Tuesday, October 31, 2017 by Isabelle Z.
Wolves have been shown in past studies to be better at learning from each other than dogs, and they also observe each other more closely. Now, we can add cause-and-effect skills to the list of areas in which wolves reign superior after a new study that compared the reasoning skills of human-socialized wolves to those of dogs revealed that man’s best friend seems to have lost his ability to make cause-and-effect connections.
After studying 14 dogs and a dozen human-socialized wolves at the Vetmeduni Vienna Wolf Science Center, researchers found that the animals have surprisingly different approaches when it comes to looking for food after receiving hints about where it might be found. Their findings were published in Scientific Reports. The animals studied had been living under identical conditions and had the same training regime and history.
The task involved choosing between two different objects, one of which had food hidden inside of it and one of which was empty. The researcher first used a communication cue, making direct eye contact with the wolf or dog and then pointing to the food container that had the food inside. They also used a behavioral cue wherein they would point to the right container or sniff it without making any eye contact. A third cue was considered causal; in the absence of the human, the correct container would make a noise when it was shaken. The animals were left to figure out where the food was hidden based on these clues.
The wolves and dogs both managed to follow communicative cues to locate the hidden food, and neither animal chose the right object in the absence of direct eye contact with the behavioral cues. When it came to the causal cues, however, the difference was clear: the wolves found the food easily, while the dogs struggled, regardless of whether they were pack dogs or pets. The researchers said that only the wolves could make causal inferences, which means they can grasp cause and effect.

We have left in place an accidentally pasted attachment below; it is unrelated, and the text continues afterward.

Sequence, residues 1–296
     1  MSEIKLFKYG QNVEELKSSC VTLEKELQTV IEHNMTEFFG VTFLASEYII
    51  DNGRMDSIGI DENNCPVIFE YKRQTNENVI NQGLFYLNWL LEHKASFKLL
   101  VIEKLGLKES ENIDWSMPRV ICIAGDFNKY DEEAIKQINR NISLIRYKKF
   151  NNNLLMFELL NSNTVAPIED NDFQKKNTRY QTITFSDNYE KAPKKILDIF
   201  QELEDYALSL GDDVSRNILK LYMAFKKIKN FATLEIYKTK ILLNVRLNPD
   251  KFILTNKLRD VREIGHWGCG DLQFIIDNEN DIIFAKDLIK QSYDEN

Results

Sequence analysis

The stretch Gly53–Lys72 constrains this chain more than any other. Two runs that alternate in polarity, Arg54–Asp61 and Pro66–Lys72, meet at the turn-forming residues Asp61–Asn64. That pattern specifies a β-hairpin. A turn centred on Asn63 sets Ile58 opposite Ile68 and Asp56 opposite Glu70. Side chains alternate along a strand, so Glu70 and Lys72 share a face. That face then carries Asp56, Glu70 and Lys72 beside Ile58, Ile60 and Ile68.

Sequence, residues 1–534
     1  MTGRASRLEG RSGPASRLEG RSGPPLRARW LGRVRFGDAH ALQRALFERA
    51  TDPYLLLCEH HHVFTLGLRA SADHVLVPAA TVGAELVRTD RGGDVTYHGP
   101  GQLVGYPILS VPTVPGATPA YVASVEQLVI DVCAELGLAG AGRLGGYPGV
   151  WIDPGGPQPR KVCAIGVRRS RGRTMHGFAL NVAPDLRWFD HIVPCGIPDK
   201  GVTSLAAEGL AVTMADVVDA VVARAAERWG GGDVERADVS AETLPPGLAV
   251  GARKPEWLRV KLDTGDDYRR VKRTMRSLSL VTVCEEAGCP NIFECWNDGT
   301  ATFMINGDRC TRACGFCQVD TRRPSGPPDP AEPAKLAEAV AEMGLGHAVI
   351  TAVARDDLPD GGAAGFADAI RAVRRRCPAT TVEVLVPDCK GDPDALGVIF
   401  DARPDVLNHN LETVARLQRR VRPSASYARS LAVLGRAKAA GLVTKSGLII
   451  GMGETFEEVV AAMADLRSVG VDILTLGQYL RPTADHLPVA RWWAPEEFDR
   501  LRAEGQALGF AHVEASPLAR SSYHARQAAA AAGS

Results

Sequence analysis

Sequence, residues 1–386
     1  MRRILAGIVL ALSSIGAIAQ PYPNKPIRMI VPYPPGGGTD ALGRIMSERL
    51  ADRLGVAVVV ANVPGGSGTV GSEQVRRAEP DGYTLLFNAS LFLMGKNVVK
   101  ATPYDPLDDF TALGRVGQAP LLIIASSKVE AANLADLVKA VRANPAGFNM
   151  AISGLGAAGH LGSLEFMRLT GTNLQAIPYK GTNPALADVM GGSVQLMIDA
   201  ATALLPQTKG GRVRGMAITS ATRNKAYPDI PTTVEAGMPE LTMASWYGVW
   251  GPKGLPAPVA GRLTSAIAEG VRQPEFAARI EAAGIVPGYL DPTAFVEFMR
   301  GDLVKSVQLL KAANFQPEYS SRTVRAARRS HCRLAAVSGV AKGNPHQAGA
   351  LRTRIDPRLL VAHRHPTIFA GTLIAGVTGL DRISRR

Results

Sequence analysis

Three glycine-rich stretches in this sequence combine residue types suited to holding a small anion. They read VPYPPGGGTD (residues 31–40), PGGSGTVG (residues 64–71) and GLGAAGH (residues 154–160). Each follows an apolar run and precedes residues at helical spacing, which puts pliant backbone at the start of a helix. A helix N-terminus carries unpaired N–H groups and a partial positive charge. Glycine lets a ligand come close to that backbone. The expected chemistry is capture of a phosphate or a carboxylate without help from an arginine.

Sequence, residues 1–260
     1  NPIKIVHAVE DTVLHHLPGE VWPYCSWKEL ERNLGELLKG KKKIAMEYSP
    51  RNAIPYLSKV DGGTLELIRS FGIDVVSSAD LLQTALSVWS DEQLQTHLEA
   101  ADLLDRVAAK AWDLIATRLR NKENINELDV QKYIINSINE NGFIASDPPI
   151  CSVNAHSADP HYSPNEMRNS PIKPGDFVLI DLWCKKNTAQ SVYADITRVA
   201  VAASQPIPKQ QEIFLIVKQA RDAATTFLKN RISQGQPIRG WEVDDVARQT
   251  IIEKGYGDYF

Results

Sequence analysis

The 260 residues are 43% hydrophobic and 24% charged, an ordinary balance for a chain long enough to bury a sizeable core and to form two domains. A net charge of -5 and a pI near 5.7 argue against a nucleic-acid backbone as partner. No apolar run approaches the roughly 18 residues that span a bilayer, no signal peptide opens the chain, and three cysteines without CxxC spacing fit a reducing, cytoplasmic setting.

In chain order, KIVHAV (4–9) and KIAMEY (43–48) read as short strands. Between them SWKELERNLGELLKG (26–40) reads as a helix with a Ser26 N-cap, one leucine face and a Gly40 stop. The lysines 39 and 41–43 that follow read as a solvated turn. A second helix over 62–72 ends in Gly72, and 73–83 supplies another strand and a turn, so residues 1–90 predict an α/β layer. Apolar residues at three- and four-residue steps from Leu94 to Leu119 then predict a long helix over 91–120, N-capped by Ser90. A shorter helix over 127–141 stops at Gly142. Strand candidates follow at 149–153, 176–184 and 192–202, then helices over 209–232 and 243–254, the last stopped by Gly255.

This has led them to believe that domestication might have actually changed the cognitive abilities of dogs, and not for the better. Their study compared dogs who live in packs to pets who live with human families, and they found that dogs’ results were actually independent of their living conditions. Although they say it’s possible that wolves are simply more persistent in exploring objects than dogs because wolves fend for themselves in nature, the findings raise some interesting questions.
For example, does domestication “dumb down” animals? Some people would argue that it has had such an effect on humans. Once skilled survivalists, most modern humans would struggle if we suddenly had to find shelter and food out in the wild and could well end up becoming food for wolves ourselves.
With studies showing that many millennials struggle with basic tasks like changing a light bulb and boiling an egg, it’s clear that our pampered lifestyles are making us increasingly dumber. One could even take this argument a step further and hypothesize that this is exactly how the government wants people – devoid of useful skills and completely dependent on them for their survival.
The “dumbing down” of society is more than mere conjecture on the part of older generations who think they know better; a study from the University of Amsterdam found that human intelligence has dropped in recent years, with Westerners losing 14 IQ points on average since Victorian times. Therefore, it appears that dogs are not alone in their waning intelligence.
Some animals, on the other hand, are surprisingly intelligent. Crows understand the cause-and-effect relationship quite well and will drop stones into a tube of water in order to float a desired treat up to the surface so they can reach it. Parrots can comprehend that pulling a string in a special test will bring them a treat. Will future studies find a similar decline in the intelligence of other species because of domestication?